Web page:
Despite the evidence implicating the effects of PUAs at different ecological levels, basic questions regarding the natural distribution of PUA producers and the range of PUA concentrations in nature still remain open. Studies in nature have been restricted to coastal areas [18]. It has been reported that octadienal, heptadienal and octadienal seems to be the most common of the PUAs produced by diatoms in culture [19] and the most commonly observed in natural blooming events [18]. Dissolved PUAs quantified after a bloom event of Skeletonema marinoi in the northwestern Adriatic Sea [18] ranged from 0.05 nM to 128 nM, and potential PUA levels (pPUA), that is, PUA concentrations obtained by artificial cell disruption of phytoplankton, reached 18.1 nmol per cell (>1.2 μm) from 1 L [18]. These observed ranges of pPUA in nature are very far from the micromolar concentrations usually employed in experimental toxicity assays [10], where biomass concentrations exceed natural phytoplankton abundance by several orders of magnitude. As has been pointed out by others authors [20], further analysis of natural plankton samples under non-blooming conditions will help us to understand the fluctuations and rate of production of these chemicals in the ocean.

In this work, we analyze the pPUA derived from large phytoplankton in the nutrient-poor open ocean. The potential PUA concentrations were obtained by mechanical cell disruption of large-sized class phytoplankton (>10 μm) collected from the surface waters (0–3 m) of the Atlantic Ocean. In an ecological context, the levels of pPUA must be considered as the dissolved PUA concentration that would be released in 1 L of seawater at the sampled location if 100% of the collected phytoplanktonic cells were wounded naturally (e.g., by grazers, pathogens or lysis). A large phytoplankton fraction (>10 μm) is generally composed of eukaryotic phytoplankton, mostly diatoms, dinoflagellates and coccolithophorids. They usually represent a minority fraction of the phytoplankton biomass in the open ocean, but the large phytoplankton and, especially, diatoms appear to play a more important role as oceanic productivity increases [21,22]. Given the existing knowledge about PUA production in eutrophic coastal waters [18], here, we aim to examine the nature and amount of pPUA derived from large phytoplankton over a range of oceanic conditions.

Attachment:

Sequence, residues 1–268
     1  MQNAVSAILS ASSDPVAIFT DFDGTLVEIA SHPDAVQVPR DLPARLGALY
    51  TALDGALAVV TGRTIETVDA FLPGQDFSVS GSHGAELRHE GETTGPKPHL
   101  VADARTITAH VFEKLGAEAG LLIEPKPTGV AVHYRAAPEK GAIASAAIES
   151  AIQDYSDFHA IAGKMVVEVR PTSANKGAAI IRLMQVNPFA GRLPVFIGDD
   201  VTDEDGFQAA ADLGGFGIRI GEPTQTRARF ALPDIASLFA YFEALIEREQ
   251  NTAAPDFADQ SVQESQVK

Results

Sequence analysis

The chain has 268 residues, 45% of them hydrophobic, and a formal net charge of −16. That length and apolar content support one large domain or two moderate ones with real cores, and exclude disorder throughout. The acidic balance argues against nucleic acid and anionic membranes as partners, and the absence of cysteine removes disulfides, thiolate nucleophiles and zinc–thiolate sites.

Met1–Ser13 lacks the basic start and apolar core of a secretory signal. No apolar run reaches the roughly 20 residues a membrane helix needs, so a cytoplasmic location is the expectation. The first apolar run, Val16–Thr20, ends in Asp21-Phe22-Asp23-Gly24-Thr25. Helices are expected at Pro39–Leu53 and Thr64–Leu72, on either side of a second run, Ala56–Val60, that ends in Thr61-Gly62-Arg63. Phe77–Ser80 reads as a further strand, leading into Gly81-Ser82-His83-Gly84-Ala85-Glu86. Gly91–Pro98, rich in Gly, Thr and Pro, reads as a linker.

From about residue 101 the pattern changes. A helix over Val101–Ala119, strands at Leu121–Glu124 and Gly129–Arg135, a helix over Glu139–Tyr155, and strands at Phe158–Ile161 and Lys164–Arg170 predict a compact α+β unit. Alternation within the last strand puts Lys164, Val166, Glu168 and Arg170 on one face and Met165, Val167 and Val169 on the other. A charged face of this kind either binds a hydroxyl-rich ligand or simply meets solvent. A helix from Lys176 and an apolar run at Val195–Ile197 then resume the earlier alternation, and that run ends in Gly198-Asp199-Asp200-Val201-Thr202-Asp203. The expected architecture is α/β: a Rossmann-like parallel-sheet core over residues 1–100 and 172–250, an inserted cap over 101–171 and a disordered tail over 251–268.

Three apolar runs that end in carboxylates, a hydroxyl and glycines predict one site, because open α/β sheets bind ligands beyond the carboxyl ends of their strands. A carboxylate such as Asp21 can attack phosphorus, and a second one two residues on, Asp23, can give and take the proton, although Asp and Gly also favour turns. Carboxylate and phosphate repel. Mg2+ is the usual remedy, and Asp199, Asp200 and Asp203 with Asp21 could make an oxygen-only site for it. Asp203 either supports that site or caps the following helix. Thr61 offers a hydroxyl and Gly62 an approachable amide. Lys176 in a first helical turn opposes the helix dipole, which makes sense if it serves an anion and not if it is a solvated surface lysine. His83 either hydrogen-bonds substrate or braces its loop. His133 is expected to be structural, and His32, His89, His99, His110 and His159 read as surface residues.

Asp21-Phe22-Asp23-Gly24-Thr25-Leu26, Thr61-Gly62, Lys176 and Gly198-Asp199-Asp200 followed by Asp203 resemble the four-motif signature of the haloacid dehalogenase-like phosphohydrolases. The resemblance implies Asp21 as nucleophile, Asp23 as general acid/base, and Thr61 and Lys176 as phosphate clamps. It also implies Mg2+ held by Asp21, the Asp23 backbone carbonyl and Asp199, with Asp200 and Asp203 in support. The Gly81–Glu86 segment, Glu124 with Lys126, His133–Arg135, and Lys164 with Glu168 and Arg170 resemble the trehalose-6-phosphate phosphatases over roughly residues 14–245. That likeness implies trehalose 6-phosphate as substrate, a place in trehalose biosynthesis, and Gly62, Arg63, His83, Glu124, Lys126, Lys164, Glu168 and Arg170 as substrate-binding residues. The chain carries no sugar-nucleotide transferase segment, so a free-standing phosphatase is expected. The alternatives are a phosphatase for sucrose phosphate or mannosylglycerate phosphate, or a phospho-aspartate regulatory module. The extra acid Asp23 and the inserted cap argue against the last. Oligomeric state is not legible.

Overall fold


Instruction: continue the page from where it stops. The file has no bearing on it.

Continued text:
2. Results and Discussion

2.1. Study Site

The cruises transected widely different areas in the Atlantic Ocean, embracing a range of environmental gradients in the open ocean ecosystem. Physicochemical characteristics of water masses (temperature, salinity, nutrients) ultimately determine the composition, size structure and cell physiological state of the phytoplankton community. Longhurst [23] proposed a subdivision of the ocean based on the above-mentioned water characteristics. This biogeographical regionalization of the Atlantic Ocean constitutes a useful tool for describing and comparing the pPUA distributions obtained in this wide sampling area. Following Longhurst’s criteria, the various biogeographical provinces were identified for the four cruise tracks (Figure 1, Table 1). Thus, latitudinal northern transects (T1 and T2 in Figure 1) visited mainly two biogeographical provinces: Caribbean Province (CARB) and North Atlantic Subtropical Gyre (NASE), passing through Sargasso Sea and the Azores region. The Sargasso Sea, with extremely low nutrient availability, denoted the boundary between the eastern and western section of this transect by defining a strong trophic gradient (Table 1). The meridional transect (T3 in Figure 1) began in Cádiz (Spain) and went southward to Brazil, travelling through NASE, the North Atlantic and the Western Tropical provinces (NATR; WTRA) and the South Atlantic Gyral Province (SATL). This transect toured most of the ultraoligotrophic ocean and crossed the equatorial upwelling. Finally, the southern latitudinal transect (T4 in Figure 1) also visited the tropical South Atlantic oligotrophic gyre and delved into the Benguela upwelling region (BENG). In the South Atlantic Gyre, chlorophyll values are generally low throughout the year, with patches of higher phytoplankton concentrations inflowed from Benguela between October and December [23].

Our cruises sampled along a latitudinal gradient of surface temperature, with maximum temperature (>27 °C) at equatorial stations (Figure 1). The thermal gradient was especially evident in transects T1 and T2 (Figure 1), ranging from 14 °C to 27 °C. Stations sampled in the summer (T2, T4 and the southern part of T3; Supplementary Table S1) showed relatively warm waters (Supplementary Figure S1 and Table S1).